John Bowe Explains Motorsport's Race Categories
Return to News

John Bowe Explains Motorsport's Race Categories

By JohnBowe - 13 September 2022

As the Shannons Club is full of car and motoring enthusiasts, I'm constantly asked about motorsport. Even though motorsport is covered much better in terms of TV coverage than it ever has been, there is still a lot of misinformation circulating about specific categories.

Images: - Thanks to Seth Reinhardt

Front and centre are the Heritage Touring Cars categories consisting of Group C Touring Cars, catering for vehicles with a competition history established in 1972 until the end of 1984 and Group A Touring Cars, with a competition history established in 1985 until the end of 1992.

The Group C and Group A categories require that the cars raced in the period and be as close to the original spec as humanly possible with their original liveries, which we all love. These requirements have escalated the prices dramatically over the years, but help retain the nostalgia of the past.

Images - Thanks to Mark Walsh / Throttlejamphotography

Then we have the Group N Touring Cars category and the category I race in; the Touring Car Masters (TCM).

Let's take Group N first, also known as Historic Touring Cars. It's a state-based category broadly catering for production touring and touring cars up to 1972. Mustangs and Camaros generally dominate the outright places. Still, there is good variety through the fields, such as Cortina's, Minis and the odd Jaguar and Mazda, all things I remember growing up in Tassie.

The cars are pretty restricted in their specification to reflect how they were in the period, such as drum brake rear ends, standard synchro gearboxes and the steering systems of the day, which were quite bad. There is no advertising on the cars, meaning obtaining sponsorship is impossible if you are competing in Group N.

The engines, however, are way better than they were back in the day. Engine builders are much more innovative now, with access to infinitely better parts than in the past. For instance, a Falcon GTHO will give well over 600 horsepower now, but 400 was a good number in the seventies, this puts lots of strain on drivetrains and brakes, but the rules have not changed in decades which is a positive for the category.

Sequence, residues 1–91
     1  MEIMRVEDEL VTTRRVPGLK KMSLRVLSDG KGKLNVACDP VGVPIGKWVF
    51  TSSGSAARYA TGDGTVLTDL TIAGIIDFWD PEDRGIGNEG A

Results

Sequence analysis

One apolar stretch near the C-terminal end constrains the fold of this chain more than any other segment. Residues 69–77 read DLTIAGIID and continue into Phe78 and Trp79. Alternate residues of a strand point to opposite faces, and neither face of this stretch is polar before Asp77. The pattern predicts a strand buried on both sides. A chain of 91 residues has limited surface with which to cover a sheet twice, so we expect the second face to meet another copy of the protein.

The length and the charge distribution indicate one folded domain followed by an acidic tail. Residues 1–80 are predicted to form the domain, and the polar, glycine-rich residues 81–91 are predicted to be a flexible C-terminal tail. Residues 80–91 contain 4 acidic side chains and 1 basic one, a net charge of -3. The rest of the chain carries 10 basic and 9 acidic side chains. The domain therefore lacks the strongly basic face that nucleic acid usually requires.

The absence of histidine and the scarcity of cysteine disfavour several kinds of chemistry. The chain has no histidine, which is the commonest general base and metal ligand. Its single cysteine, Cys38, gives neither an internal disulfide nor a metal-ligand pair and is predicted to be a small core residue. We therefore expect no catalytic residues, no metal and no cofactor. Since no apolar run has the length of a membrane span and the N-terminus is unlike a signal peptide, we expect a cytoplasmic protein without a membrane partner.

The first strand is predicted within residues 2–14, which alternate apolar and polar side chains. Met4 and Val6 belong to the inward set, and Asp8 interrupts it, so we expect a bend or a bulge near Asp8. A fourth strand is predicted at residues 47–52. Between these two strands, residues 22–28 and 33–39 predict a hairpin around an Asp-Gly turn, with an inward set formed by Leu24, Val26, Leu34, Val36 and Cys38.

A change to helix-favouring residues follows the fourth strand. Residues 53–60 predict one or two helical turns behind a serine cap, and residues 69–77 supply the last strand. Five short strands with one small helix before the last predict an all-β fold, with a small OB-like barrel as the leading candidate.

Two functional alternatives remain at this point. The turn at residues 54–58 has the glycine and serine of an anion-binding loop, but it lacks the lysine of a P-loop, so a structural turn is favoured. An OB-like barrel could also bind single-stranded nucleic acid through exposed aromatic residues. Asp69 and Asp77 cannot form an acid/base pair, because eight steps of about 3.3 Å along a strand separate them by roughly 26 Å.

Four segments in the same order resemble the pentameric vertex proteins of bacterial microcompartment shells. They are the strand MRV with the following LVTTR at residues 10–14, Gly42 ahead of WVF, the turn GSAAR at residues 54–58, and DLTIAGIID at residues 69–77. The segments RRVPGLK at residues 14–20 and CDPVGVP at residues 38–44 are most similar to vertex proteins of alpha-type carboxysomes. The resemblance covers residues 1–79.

In the case of my category, I don't mean mine, but I have spent the past ten years competing in Touring Car Masters with some success. I was attracted to the racing first because it's a National Championship, and advertising is allowed meaning I could obtain sponsorship; I've been very fortunate to have had lots of commercial support. Another positive is that our events are televised, which helps give value to the supporters and sponsors. The TV coverage is usually live, and Aussie folk love their live sports.

Images: Touring Car Masters

Back to the cars now, reasonable modifications are allowed. Such as a racing gearbox - four speeds only, developed in the USA for racing, and most cases are very strong and reliable, which is more than can be said for the production gearboxes in Group N.

We are allowed four-wheel disc brakes - a good safety factor, in my opinion, a stronger differential for cars that are weak in that area and aftermarket alloy cylinder heads - because the old cast iron ones are hard to find in good condition.

Group N and TCM classes share the exact wheel dimensions, 8-inch wide by 15-inch diameter. So by modern standards, both categories are overpowered and under tyred. The steering systems are also allowed to be more modern, rack and pinion systems for more accuracy, and if you so desire, power steering, even if the original car didn't come with power steering.

These categories provide great racing and many challenges for drivers; I love driving and racing in both. But my main focus is TCM because of the reliability and the commercial reality.

TCM allows cars up until the late seventies, so now we see a smattering of XD Falcons and early Commodores on track or being built. TCM also has Toranas, Camaro, Mustangs, Falcons and the odd Mopar.

Australia has always had a love affair with sedan racing; today, it's no different. The COVID shutdowns and hardships caused have made me much more aware of how lucky we are to have motor racing in our lives. Whatever class takes your fancy, my recommendation is to get stuck in.

See you at the track,

If you have any questions, don't hesitate to leave a comment.